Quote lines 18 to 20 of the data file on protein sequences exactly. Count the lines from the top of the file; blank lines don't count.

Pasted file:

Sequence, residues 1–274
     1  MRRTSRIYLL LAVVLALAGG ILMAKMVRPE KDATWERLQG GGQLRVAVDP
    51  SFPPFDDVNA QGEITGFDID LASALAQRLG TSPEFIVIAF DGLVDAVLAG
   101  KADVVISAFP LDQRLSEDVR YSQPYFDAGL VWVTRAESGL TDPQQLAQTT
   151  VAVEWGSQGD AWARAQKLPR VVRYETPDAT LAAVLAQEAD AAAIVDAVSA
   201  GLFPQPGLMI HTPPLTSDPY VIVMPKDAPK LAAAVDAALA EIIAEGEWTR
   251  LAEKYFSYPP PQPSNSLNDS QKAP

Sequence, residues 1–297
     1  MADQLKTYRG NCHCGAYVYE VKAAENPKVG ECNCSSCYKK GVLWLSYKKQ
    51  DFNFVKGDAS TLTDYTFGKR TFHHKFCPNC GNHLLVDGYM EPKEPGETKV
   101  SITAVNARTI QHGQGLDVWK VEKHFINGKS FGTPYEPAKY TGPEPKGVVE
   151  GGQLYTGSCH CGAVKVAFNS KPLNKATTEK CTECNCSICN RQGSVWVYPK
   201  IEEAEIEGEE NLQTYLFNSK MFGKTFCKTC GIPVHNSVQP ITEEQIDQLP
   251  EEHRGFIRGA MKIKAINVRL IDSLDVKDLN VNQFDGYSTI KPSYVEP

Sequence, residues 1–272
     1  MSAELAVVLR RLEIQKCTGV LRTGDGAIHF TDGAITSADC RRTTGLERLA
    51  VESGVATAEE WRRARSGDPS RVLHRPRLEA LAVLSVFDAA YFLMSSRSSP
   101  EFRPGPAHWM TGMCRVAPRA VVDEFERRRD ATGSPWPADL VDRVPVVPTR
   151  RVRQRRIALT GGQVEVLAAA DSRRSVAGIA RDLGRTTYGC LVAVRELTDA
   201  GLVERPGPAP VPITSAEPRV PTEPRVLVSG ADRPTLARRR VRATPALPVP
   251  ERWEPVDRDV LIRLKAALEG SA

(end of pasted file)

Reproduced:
   101  EFRPGPAHWM TGMCRVAPRA VVDEFERRRD ATGSPWPADL VDRVPVVPTR
   151  RVRQRRIALT GGQVEVLAAA DSRRSVAGIA RDLGRTTYGC LVAVRELTDA
   201  GLVERPGPAP VPITSAEPRV PTEPRVLVSG ADRPTLARRR VRATPALPVP